Tagawa Gardens Blog

Six Great Easy-to-Grow Herbs for Your Colorado Garden

Herbs love Colorado, and there are plenty of good reasons why more people should be growing them here.  If we meet their basic needs, dozens of different herbs can thrive in Colorado and pay us back with wonderful flavors that enhance our meals and make our world smell sweet and lovely.  And if we’re willing to bend “the rules,” herbs are a great way to treat our pollinators to a little something extra.

Herbs won’t have the biggest, flashiest flowers in the garden.  In fact, herb experts tell us to cut off the flowers as they appear.  That will concentrate all of the plant’s energy into the oils that give the leaves their flavor and aroma.  But as a beekeeper, I leave the flowers on the plants until they begin to fade.  My honey bees love the sweet nectar that a lot of herb plants produce.  Flowering herbs are a treat for many native bees and other pollinators, too.

Either way, growing herbs in pots or in beds in your Colorado garden is easier than you might think.  Tagawa Gardens carries herbs year ‘round, but the variety of choices is at its peak as summer begins.  If you’ve never tried, now is the time to add herbs to your garden.

Please read on!

Basil plants at Tagawa Gardens in Denver, Colorado

It’s all about the basil

Rob Proctor's Basil plants at Tagawa Gardens in Denver, ColoradoWhenever I teach an herb class, I start by asking which plant wins the herb popularity contest.  Basil always wins.  Tagawa’s begins each season with more than twenty different kinds of basil.  The traditional “Sweet” or “Italian” basils have a loyal following among the culinary crowd.  But there are plenty more to choose from, including the spicier “Thai” basils.  They all require the same basic growing conditions:  bright sun, a rich, but well-drained soil.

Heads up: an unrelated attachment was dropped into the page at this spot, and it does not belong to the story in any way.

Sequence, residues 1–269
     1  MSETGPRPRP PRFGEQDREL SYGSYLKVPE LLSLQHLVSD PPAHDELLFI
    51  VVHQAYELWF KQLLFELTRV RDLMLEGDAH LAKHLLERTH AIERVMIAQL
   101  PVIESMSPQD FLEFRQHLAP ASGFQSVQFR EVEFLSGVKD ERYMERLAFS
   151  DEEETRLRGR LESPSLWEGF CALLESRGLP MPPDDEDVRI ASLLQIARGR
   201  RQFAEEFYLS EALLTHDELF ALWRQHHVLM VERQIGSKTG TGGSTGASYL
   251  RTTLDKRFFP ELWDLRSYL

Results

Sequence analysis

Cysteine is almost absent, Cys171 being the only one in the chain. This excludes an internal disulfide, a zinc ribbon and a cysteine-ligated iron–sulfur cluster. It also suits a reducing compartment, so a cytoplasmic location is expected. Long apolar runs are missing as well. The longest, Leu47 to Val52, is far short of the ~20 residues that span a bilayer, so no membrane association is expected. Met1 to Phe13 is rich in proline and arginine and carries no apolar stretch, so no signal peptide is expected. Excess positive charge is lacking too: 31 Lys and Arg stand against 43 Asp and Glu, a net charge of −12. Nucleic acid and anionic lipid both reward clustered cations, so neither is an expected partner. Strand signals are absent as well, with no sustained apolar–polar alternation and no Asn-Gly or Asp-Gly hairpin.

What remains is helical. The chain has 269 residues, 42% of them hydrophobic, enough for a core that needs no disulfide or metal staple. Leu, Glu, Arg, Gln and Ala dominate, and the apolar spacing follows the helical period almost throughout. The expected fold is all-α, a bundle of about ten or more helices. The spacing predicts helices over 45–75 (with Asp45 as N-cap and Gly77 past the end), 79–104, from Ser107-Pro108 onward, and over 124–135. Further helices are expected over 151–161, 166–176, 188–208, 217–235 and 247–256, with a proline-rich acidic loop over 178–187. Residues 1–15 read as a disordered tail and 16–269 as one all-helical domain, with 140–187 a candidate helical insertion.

My personal favorite is “African Blue Bush” basil.  For the record, I’m no gourmet cook.  (I’m barely a cook at all, truth be told.  Rumor has it I have a five-ingredient limit.)  Still, I find that African Blue Bush has plenty of flavor for cooking or for those lovely Caprese salads…. fresh tomato, olive oil, a little balsamic vinegar, fresh mozzarella and basil.

I grow African Blue Bush because the plants are big…. really big!  (Hence the term “bush.”)  When I let them flower, there are lots of lovely curving spikes of tiny lavender flowers that the bees can’t resist.  I harvest the younger leaves to use uncooked, and I eat the flowers, too.  They’re full of that splendid flavor that draws us to basil in the first place.

Give it room to grow and plenty of sunlight.  African Blue Bush will not disappoint.

Chive plants at Tagawa Gardens in Denver, Colorado

They’re cute.  They’re pretty.  They’re purplish pink!

If you have any doubts about your ability to grow herbs in your Colorado garden, at least try a pot of chives.  They grow easily from seed or from small plants, which Tagawa’s carries year ‘round.   Fresh chives can go a long way to dress up potatoes served in dozens of different ways.  But they’re also great at adding a hint of fresh-onion flavor to a lot of other dishes.

Chives grown in clumps in veggie or flower beds are charming.  Just be careful about letting them self-sow.  They’ll routinely run from one part of your garden to another.   If you pick and choose where you let them go and pluck out the excess, that’s fine.  But too many “volunteers” isn’t a good thing.  I have an area where I can let them spread as they please (mostly…).  I live and let live with a lot of them because my own honey bees and tiny native bees can’t resist the nectar in the little ball-shaped blossoms.